How much of the branch protection functionality do they do they have compared to get a bit assuming open source are paid both.

And if you can make the delineation that be great between a recall.

Yes So my expert with lab is that it does actually have the enforcement.

I think can actually set up by bit by default.

Then it starts with oh you can set it up organizationally.

That's nice.

Yeah, that really sucks that.

You can't do that with GitHub.

Yeah, I believe, get lab.

So I have the most experience with on prem get lab open source and I believe I believe free.

Get lab is actually different.

It gives you more on prem get lab open source gives you you can't merge if the pipeline hasn't passed.

But it does not give you a pull request approvals.

No you've got to pay for it.

Wow you've got to pay for the poor credit approvals.

It's the very bottom tier it's only like $4 per user per month.

Yeah, but you got to pay for the poor credit approvals.

I'm not sure about the get left.

So what.

OK, that's good.

That's good.

Does that does get lab have the concept of code owners.

I think that's a good thing, isn't it.

Isn't that just to get thing.

Know what I mean is while entered.

But it's got to be enforced at the pool request approval.

So code owners relate to approvals.

Yeah Yeah Yeah.

OK I got.

So get lab does allow her branch merge protection controls who can merge you have maintainers, developers and maintainers or no one was a role.

And then you also have control who can push through it.

OK with the same role.

Yeah, that's Yeah, that's correct.

Absolutely Yeah.

So code owners.

Is this where you can basically have a file.

And that file will map a team to a path on the file system of that repository.

So you can say that anything in your Terraform IAM project, for example, has to be signed off by SEC ops.

Example get lab does support code owners in the bottom tier of.

Not freedom.

OK, cool.

So in the starter or bronze tier, which is the $4 a month per user.

So the next step is kind of everything we've discussed so far is a little bit at the mercy of your business solution.

Then we get the ability to enforce policies and policy enforcement has been a really hot topic getting a lot of attention especially towards the end of 2019 and I think it's going to even get bigger.

Now in 2020 with tools like open Policy Agent contest, which builds on p.a. and TFC like the tools at your disposal to enforce broader level policies that make it easier to administer change control at an organizational level are reaching greater maturity still early days, but it's at a point.

It's usable now.

And some great videos and demos out there of it.

In fact, we have one on top second.

A basic example that John whipped up will link to John were you.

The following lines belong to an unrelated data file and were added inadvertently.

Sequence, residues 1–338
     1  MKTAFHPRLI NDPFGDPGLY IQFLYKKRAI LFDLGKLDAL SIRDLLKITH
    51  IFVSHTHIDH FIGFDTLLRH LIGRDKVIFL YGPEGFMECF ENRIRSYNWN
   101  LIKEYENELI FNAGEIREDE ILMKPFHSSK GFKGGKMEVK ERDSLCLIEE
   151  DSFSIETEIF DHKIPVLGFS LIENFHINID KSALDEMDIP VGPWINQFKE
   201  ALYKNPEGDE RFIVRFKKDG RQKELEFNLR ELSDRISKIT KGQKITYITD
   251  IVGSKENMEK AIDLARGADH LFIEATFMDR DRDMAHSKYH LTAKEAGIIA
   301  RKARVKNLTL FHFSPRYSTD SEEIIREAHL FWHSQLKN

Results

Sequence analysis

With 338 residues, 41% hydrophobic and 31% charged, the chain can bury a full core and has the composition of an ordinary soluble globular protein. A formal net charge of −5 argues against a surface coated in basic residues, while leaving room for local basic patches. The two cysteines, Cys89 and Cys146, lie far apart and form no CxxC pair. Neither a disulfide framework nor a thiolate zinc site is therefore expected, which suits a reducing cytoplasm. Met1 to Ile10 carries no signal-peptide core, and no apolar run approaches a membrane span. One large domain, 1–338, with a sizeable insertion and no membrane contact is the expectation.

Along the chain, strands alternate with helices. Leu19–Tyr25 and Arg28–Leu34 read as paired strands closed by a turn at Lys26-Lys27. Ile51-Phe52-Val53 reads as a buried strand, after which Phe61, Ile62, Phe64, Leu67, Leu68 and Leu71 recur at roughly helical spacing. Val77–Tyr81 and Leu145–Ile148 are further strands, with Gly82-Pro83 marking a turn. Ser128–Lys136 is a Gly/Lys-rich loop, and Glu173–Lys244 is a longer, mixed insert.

Did you want to talk about sex today or does she just share that video.

It's up to you.

OK, I guess she another team to an flat.

Like a show.

OK big question came I forgot to ask.

But yeah.

Can I show a quick example.

Who any users interested in seeing a demo right now of a t sac t opsec is a purpose built static static analysis tool for Terraform to enforce policies on your code there.

And using that together with action.

All right.

We got a thumbs up from Adam.

Yeah, sure.

OK before I do that, I would actually add a line to use version pinning that using sender when it comes to some things like Helm charts is not even enough.

You have to use shots.

But that is a valid point.

Let me just add that to Ken you can you write what you said in the officers channels so I don't forget it.

And I'll update this with that with some of the caveats there because there are some caveats like timber is only as good as the maintainers ability to practice it.

And the problem with like Helm is that many maintainers don't actively bump their members.

So they're constantly squashing their version.

And that's the problem.

Like I could push up, one that one.

And you can use it.

And then I could push up another one that one that one with changes.

And you could add in another good point here is that symbol is not cryptographic fully secure versus using Sean's are.

So it's much.

It has been shown you can if you are really bent on Messing people up.

You can probably find some version of a history to cause duplicate Shaw or something.

But generally, it's secure or as John recommends you can tag if you're using some tagging scheme Yeah.

Plus plus the Shah.

That might.

Yeah So that's about this endeavor to add something to the end there.

So the hard thing was some very especially if you're looking at a repository is knowing which one of those is the specific version that I want and putting the version number in there kind of makes that a little bit easier.

You still have to dig into the specific child.

But it can help by tagging on the shot in.

That's good.

Thanks Yeah.

Thanks for telling me that.

It's more of a security topic than it is a changed man.

Yeah, absolutely.

It's just a question of yourself.

Yeah, I think it's hard to have one without considering the other.

Oh, sure.

Damage control.

So this list here is not exhaustive.

So my this was I whipped this up in about 20 minutes.

So if anybody has you know points out what you know things that basically, I want to add to this with things that you're doing and recommendations you have.

So please, if you maybe add to the thread here.

There's a link.

I posted with the change management in the office hours channel.

You add any suggestions.

There is a threat.

I will try and incorporate those into this.

All right.

So John, are you setup.

Awesome I got to hand over the reins and we're going to get a little nice here.

You know accidents.

This was this is unscripted and unplanned.

So forget it.

We will thank the dental gods for a successful.

Yeah, exactly.

Cheering so I kind of wanted to go through.

I guess I should share here right.